I wish commentary writer Susan Hogan and other reporters would take a moment and ask whether their prejudices are getting in the way of honest reporting on American bishops and Catholics ("Bishops seek religious liberty, but suppress a religion's shame," June 7). The question is whether Catholic charities, universities and other organizations should be forced to purchase contraceptives when Catholic theology teaches that the use of these substances is morally wrong. The Obama administration's "compromise" that insurers should provide these substances "for free" is an accounting trick. Where does the money for "free" contraceptives come from? From the fees and premiums paid by the organizations and their subscribers. There is no "conjured up" battle for religious liberty. The bishops are not "flexing their ecclesiastical muscles" in an attempt at misdirection. They are trying to point out that, once freedom of religion is denied to one group, the liberty of everyone is at stake.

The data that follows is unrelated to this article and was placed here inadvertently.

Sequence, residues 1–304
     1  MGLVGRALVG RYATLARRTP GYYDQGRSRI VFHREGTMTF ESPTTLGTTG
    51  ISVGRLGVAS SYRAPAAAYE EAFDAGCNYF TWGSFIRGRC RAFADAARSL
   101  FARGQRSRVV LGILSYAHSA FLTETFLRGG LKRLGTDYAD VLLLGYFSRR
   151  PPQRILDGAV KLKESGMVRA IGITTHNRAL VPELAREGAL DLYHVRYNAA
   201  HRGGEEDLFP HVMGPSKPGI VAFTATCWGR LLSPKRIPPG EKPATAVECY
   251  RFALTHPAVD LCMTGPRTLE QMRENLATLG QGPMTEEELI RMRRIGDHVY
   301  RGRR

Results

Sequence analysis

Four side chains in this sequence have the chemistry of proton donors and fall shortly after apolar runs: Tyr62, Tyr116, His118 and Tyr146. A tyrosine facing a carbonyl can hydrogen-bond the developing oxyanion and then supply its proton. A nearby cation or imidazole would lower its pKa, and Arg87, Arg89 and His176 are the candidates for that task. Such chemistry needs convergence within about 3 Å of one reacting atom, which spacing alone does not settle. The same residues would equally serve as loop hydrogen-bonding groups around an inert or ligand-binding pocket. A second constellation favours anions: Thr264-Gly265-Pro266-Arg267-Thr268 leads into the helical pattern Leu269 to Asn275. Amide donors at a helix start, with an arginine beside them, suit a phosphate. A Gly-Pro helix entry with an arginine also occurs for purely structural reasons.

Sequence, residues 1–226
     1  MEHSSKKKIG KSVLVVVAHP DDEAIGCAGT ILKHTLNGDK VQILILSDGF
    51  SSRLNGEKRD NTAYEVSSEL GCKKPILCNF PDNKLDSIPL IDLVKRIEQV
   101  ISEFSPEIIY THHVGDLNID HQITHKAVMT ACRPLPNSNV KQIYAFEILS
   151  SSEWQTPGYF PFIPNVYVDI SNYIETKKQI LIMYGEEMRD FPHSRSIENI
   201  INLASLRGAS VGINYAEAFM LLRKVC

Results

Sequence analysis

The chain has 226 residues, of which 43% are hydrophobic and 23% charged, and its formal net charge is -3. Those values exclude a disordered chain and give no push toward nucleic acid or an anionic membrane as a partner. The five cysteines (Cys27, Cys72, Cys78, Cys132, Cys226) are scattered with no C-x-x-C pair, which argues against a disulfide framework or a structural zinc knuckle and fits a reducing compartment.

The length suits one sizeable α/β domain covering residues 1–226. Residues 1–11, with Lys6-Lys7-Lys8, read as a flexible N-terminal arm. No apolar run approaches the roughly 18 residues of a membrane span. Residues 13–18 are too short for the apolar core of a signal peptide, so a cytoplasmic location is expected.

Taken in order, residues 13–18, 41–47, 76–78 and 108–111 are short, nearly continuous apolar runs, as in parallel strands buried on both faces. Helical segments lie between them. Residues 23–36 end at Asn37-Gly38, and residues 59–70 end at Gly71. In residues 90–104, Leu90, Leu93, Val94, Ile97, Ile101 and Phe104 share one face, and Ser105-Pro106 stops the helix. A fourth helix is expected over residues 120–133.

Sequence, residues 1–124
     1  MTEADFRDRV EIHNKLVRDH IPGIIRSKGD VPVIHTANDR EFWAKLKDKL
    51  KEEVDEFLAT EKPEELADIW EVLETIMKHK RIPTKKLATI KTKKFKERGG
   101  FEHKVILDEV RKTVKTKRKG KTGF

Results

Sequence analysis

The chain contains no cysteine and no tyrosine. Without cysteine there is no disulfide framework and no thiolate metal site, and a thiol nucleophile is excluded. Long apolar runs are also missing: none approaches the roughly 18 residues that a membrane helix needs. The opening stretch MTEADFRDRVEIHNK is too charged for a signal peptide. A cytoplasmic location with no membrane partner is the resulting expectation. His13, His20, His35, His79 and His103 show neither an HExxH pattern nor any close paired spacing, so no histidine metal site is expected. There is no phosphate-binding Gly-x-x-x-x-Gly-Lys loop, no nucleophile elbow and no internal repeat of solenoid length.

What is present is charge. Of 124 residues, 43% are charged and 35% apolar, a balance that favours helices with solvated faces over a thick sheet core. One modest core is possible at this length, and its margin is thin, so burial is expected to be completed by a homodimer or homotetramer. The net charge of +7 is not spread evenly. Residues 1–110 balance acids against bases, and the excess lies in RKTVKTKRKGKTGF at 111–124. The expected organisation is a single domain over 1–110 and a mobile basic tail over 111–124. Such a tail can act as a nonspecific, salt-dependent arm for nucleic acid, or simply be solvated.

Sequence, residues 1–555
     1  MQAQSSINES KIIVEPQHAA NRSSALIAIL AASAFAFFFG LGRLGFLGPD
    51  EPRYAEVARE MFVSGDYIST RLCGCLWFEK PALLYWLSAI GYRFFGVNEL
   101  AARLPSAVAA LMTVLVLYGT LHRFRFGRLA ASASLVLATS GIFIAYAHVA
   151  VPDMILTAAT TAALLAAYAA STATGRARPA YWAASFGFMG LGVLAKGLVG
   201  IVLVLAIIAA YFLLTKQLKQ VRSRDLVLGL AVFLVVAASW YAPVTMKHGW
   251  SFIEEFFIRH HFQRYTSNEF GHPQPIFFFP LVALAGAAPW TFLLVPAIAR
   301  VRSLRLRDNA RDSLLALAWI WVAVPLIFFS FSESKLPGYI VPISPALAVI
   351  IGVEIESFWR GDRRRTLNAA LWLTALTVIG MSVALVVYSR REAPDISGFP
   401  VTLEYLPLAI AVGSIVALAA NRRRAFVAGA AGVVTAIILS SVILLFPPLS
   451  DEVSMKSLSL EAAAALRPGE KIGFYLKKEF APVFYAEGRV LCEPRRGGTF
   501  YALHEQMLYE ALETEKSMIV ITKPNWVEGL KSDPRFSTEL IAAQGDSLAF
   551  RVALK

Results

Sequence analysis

CATHERINE WALKER, MINNEAPOLIS
The Opinion section is produced by the Editorial Department to foster discussion about key issues. The Editorial Board represents the institutional voice of the Star Tribune and operates independently of the newsroom.